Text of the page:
When you were looking at the image of the electrical waste dump earlier on, and we mentioned cell phones, you probably didn't think they would pose as much as a problem. After all, they're smaller, and therefore they have to take up less room, right? Wrong. Cellphones may be much smaller than computers and other electrical devices, but there are also much more of them.
As well as being more numerous, they become obsolete a lot faster. A good refrigerator will probably last you ten years or more; a computer maybe five. The average life of a cellphone is only one or two years before the progression of technology makes them obsolete. When they're no longer of use to you, they end up abandoned in giant 'seas' like this in the Congo. The Congo is and has been a war area for many years, where people fight over land and resources. The material and technologies in the phones are just one more thing for the warring factions to fight over, meaning there is both an environmental and human cost to disposing of them in this way.
It's not just cellphones we throw away when we have no further use for them; it's the chargers that come with them. The companies who make cellphones - and arguably Apple in particular - are to blame for this. At an earlier stage of cellphone development, most different models of phone used the same charger. Now, each manufacturer tends to demand the exclusive use of chargers supplied by them. That means old ones are thrown away when new phones are released.
We don't help with this either. We treat phone chargers as disposable. Left your charger at a friend's house? Buy a new one. Can't remember where you put it? Buy a new one. Worried about losing one? Buy two or three backups, all of which are useless when you come to upgrade. You're looking at the net result of all that disposability; a mountain of phone chargers that will never degrade, and yet will never be any use to anybody ever again.
If nothing else has pricked at your conscience so far; this will. This image shows only a very small sample of the millions of dead fish who turned up overnight at Redondo Beach, California, in 2011. This isn't the first time this has happened; the phenomenon occurred in both 2003 and 2005. The cause of death? Oxygen starvation. There simply wasn't enough oxygen in the water for the fish to carry on breathing.
Fish, like mammals, breathe oxygen to stay alive; they just do it using gills instead of lungs. There's only so much oxygen in the water though, and when something drains that oxygen, the fish are doomed. In this case, it was an excess of algae. Algae occurs naturally anywhere there's water, but in Redondo Beach, the algae thrived because of stimulants provided within fertilizer and other waste being dumped into the water. The algae grew too quickly, used up all the oxygen, and the fish couldn't breathe. It was a slaughter.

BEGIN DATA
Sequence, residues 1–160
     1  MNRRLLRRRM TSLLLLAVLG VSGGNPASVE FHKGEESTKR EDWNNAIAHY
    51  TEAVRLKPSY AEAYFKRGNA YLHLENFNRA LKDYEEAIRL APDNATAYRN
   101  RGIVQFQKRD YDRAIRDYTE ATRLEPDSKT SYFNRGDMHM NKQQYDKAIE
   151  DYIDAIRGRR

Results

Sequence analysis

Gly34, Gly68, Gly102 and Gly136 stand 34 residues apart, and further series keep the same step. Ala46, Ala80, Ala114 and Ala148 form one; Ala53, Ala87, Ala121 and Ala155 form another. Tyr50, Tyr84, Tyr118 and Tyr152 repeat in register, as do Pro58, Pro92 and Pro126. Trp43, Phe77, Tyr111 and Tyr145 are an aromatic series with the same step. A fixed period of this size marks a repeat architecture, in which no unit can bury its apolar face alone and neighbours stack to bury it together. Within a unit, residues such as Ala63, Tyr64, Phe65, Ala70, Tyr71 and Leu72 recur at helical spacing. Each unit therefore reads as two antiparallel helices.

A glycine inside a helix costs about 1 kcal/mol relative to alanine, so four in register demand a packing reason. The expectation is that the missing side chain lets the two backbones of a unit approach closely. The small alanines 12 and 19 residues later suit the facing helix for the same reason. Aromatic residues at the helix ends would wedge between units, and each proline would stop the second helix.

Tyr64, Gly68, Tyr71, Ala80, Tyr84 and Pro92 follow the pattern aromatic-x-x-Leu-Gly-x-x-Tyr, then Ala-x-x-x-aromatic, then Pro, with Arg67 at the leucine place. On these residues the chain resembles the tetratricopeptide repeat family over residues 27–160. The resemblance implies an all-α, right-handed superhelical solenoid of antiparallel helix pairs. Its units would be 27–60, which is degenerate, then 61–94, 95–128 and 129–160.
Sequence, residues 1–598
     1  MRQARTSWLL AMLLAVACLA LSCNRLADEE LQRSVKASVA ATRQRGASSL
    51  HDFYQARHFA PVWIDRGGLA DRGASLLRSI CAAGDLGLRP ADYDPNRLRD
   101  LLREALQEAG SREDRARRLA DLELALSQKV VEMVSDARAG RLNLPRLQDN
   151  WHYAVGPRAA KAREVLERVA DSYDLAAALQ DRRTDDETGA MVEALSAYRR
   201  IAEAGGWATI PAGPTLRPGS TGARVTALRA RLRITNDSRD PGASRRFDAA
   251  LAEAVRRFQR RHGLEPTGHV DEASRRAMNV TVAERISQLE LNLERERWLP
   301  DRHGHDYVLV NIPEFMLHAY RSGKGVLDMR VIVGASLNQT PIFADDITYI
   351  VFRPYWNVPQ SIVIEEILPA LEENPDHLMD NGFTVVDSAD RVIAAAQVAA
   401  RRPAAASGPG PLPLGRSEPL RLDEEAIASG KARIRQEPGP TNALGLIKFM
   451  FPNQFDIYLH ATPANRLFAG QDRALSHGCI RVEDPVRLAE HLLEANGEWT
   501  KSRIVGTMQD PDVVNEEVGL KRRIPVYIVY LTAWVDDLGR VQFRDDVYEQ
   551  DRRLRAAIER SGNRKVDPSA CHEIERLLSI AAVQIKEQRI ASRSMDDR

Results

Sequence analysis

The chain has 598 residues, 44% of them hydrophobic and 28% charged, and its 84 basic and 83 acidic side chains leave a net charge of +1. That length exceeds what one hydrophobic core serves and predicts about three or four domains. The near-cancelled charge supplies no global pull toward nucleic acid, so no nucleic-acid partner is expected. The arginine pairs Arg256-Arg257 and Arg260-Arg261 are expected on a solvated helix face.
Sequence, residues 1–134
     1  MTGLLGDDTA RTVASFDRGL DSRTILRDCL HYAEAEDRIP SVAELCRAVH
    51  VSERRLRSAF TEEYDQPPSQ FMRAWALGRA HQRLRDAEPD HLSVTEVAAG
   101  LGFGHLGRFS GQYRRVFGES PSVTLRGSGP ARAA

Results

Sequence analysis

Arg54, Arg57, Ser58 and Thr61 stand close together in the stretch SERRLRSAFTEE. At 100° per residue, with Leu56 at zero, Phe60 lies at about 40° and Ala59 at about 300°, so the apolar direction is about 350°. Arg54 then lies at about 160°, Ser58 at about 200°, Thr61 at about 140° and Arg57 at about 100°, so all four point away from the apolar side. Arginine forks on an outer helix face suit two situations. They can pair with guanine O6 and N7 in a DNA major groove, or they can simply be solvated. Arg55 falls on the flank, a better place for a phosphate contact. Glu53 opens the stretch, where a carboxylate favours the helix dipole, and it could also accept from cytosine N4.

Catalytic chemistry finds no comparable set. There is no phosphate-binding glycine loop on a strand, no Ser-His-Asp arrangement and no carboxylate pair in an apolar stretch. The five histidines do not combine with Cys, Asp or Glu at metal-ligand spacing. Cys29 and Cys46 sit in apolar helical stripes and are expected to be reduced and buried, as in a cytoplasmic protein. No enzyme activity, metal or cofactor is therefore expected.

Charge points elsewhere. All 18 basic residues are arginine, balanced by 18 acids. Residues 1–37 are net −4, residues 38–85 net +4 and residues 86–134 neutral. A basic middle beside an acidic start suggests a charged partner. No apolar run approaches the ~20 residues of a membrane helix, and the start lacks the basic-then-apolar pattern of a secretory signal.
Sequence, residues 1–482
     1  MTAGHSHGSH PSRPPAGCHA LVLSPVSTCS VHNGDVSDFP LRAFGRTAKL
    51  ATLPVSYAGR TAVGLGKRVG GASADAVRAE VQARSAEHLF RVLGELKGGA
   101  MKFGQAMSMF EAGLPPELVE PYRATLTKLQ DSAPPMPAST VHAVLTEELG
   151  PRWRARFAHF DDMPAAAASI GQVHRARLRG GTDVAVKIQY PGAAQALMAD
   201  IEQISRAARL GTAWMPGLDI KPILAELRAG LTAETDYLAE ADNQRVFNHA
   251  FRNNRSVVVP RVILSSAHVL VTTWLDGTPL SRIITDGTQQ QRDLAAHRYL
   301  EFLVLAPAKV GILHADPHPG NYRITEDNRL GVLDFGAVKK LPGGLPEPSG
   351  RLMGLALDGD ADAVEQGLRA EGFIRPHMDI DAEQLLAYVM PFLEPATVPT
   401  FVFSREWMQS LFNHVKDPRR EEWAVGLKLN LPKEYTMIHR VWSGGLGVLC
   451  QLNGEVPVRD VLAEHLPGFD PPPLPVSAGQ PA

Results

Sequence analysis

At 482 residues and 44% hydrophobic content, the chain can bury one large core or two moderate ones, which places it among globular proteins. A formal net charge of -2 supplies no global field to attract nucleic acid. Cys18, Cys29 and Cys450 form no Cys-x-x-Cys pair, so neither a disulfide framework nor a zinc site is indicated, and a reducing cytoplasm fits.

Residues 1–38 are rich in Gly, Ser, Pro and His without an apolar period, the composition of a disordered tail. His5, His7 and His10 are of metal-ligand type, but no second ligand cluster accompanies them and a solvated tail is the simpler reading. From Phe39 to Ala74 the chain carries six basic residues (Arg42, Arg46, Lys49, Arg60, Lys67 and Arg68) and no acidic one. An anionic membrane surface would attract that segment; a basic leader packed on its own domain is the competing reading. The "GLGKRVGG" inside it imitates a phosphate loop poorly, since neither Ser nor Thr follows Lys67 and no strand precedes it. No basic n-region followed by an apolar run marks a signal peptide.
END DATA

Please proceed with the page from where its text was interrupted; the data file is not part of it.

Have you been looking for a spare tire to keep in the trunk of your car? We know the perfect place to look; this dumping ground in the deserts of Nevada. You'll be spoilt for choice, because there are hundreds of thousands of them here.
The most terrifying thing about this picture is how quickly the wasteland has developed. It may look like the land is a dry desert, but it actually isn't far from populated areas. Until 2006 it was a popular place for recreation, but nobody would bring their children here now. It's just become yet another wasteland, collecting all the refuse that humanity doesn't know how to dispose of properly, left to rot under the baking sun. If it's progressed this far in thirteen years, we shudder to imagine what it might look like in another twenty. Hopefully, we've found a permanent solution by then.
This photo has been taken from space and allows us a more alarming and informative view of overpopulation than we can get from the ground. This is what New Delhi, India, looks like from far above the clouds. It's a massive, sprawling sea of human construction, spreading in every direction for as far as the lens can capture. New Delhi houses over 30,000 people per square mile, most of them in accommodation like this.
It's obviously better for people to have a roof over their head than not but consider what conditions must be like for the people contained within this mass. Where do the children go to play? Where do the adults to go rest? Where are the parks and the fields? Has anyone living in the middle of all this ever seen a tree? You could walk for miles in any direction from the center of this picture, and all you'd see are buildings that look very similar to your own home.
This incident got plenty of publicity when it happened, but it's important to remember it. It's a powerful reminder of what's at stake when our reliance on nuclear technology goes badly wrong. The Japanese weren't to blame to what happened at the Fukushima Power Plant in 2011; it was caused by a powerful tsunami which tore the land apart. The results for the environment, however, were devastating.
Three years after the incident, radioactive tuna was found off the Pacific coast of the United States of America, having migrated there from Japan and been affected by the fallout from the disaster. Malformations have been reported in both the trees and the wildlife around Fukushima. In 2018, a full seven years after the meltdown, a robotic drone tested conditions in the interior of the shattered reactor and determined that it's still too dangerous for human beings to go in there. We have that choice. Birds and other animals which might accidentally wander into the land do not.